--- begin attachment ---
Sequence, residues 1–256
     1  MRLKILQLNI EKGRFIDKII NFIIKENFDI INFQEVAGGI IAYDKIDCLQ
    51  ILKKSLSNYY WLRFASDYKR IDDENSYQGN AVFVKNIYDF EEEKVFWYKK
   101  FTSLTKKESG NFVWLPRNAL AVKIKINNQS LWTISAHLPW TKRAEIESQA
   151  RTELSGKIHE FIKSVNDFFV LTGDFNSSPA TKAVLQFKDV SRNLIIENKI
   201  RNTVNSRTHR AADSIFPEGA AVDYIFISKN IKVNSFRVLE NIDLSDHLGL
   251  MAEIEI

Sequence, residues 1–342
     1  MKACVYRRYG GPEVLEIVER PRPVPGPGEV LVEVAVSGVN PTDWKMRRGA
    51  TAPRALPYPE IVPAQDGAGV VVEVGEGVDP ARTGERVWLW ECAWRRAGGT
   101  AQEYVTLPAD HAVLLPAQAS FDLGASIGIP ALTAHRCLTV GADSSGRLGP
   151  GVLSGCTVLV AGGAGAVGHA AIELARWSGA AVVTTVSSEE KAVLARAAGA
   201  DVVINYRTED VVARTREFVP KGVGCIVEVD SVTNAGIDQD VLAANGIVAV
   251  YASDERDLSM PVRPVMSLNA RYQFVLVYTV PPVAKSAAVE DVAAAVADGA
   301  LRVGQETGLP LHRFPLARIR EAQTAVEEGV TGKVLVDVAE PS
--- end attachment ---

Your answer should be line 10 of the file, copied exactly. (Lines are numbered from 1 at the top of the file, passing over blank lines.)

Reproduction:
    51  TAPRALPYPE IVPAQDGAGV VVEVGEGVDP ARTGERVWLW ECAWRRAGGT